One aspect of my job I never really expected to be involved with is study design. Early in my career I worked with publically available data, so had virtually no insight into how the experiment had been run or any experience of what might actually happen whilst working in a lab.

The nice thing about being in a group that generates a lot of data is the opportunity to be involved at the conception of an idea and have an input in how the project proceeds. I can imagine this may make some data analysts rather jealous as they get handed a dataset and a question to answer with no obvious link between the two, or a technical flaw that scuppers the proposed analysis.

There is no such thing as the perfect experiment. There are so many variables that may influence the outcome either grossly or subtly: quality of sample going in, temperature, batch of reagents, individual(s) doing the experiment, day of the week, time of day, the list is endless. In larger studies you will inevitably need to perform the experiment multiple times over days, weeks or months. This will lead to batch effects. I don’t like the word batch as I think it used very loosely to cover a range of different factors. Broadly it means a group of samples that have something in common that may mean their data is more similar to each other than samples included in other batches. Often this means they were processed at the same time (think about a batch of cakes) and refers to technical factors relating to the experiment.

The challenge is to organise your samples prior to the experimental procedure so that these technical variations do not influence the statistics you want to do. If you are doing a case control study, you want to randomly allocate each sample so that in each batch there is a mix of each group. What you don’t want is the cases to be processed as a group and all the controls to processed together, as then you can’t be sure that the differences you see are due to the disease or the fact the experiment was run by two different people.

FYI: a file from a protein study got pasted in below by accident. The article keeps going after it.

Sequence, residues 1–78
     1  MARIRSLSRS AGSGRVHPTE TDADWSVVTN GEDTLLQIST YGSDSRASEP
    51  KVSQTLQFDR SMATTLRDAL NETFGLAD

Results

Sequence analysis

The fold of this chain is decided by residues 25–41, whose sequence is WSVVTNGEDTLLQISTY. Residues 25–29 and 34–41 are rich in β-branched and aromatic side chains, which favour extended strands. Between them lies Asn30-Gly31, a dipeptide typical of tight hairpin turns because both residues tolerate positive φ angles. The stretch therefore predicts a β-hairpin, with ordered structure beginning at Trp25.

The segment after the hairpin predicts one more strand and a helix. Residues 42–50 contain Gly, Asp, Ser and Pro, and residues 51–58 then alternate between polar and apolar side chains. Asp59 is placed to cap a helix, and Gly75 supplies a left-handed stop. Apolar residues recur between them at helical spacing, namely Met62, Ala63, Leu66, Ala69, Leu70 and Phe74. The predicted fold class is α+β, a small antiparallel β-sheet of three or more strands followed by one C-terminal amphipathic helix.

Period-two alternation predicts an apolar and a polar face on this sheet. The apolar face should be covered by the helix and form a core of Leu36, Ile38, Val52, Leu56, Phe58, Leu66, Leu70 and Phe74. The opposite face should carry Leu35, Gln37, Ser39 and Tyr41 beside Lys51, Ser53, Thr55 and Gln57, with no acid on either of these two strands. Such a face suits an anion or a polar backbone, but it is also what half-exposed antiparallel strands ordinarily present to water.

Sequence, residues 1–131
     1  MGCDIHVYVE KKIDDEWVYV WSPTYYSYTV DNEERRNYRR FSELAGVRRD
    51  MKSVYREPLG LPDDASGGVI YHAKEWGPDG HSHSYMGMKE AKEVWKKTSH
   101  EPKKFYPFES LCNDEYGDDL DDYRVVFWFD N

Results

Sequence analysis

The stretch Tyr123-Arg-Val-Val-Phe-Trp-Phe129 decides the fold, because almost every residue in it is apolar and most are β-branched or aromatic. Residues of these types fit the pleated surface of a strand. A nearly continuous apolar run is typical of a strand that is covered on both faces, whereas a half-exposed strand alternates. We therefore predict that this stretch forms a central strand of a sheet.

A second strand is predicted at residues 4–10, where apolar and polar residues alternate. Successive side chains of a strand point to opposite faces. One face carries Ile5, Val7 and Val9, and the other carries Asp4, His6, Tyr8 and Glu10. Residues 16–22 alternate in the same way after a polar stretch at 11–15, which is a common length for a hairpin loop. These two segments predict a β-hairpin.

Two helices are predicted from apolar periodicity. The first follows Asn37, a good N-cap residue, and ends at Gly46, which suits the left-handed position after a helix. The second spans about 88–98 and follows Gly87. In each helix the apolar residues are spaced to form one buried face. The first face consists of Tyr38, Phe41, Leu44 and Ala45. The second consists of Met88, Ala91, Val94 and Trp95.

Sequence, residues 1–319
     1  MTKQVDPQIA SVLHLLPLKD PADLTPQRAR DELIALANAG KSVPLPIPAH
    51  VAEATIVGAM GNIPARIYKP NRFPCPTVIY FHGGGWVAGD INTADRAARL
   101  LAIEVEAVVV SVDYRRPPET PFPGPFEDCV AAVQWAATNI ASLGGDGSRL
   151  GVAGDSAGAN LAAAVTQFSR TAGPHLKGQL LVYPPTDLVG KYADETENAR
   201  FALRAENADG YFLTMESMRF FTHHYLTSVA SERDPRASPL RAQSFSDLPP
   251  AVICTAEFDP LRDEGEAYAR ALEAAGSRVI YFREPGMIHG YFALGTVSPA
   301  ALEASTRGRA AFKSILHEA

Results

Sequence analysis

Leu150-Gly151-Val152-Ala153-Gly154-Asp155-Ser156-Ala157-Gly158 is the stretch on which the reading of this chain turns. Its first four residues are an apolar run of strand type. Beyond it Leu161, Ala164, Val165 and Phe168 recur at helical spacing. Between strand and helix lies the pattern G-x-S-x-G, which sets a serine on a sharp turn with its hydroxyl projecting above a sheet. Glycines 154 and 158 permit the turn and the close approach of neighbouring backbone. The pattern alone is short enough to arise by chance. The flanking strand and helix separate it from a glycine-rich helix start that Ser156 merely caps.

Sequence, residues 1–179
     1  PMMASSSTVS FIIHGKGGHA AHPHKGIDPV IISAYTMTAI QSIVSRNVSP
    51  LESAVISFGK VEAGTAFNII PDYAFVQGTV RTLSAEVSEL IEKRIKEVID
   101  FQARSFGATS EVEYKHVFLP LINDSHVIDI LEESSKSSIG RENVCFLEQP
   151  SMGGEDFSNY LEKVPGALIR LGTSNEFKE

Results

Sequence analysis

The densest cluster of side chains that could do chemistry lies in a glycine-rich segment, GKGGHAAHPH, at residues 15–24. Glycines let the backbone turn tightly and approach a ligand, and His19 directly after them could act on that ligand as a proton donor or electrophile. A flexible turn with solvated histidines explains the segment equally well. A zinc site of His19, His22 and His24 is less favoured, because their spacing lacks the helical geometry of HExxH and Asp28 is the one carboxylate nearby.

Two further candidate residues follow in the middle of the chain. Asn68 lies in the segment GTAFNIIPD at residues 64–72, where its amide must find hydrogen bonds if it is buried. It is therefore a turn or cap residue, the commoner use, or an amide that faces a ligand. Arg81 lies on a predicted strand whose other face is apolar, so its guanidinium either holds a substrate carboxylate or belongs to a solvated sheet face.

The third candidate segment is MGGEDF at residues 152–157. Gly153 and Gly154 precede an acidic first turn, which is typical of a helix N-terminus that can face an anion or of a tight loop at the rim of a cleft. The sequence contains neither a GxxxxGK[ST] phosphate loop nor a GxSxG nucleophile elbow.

There are times when you want to make sure what you comparing is from the same batch. For example we do a lot of work with discordant twin design. Here we are looking at the differences between the two members of twin pairs, so we want to be sure that they are not an artifact of the fact that they were processed two months apart.

While I have no desire to go into the lab to run any experiments, I have learnt a lot by having day to day interaction with my colleagues who generated the data. That knowledge can really help when it comes to processing the data. Comparing notes with the person who ran the experiments to identify why something doesn’t look like you were expecting invariably gives you confidence when it can be resolved. This is the kind of interaction I always wanted out of a job. I enjoy that I bring my skills and having responsibility for certain parts of a project whilst others with different skill sets are responsible for something else.

There is enough data out there that as a Bioinformatician I don’t have to work with a group who generate data. However I would strongly recommend spending some time in that environment as it is always beneficial to understand a bit more about how and where your data came from.

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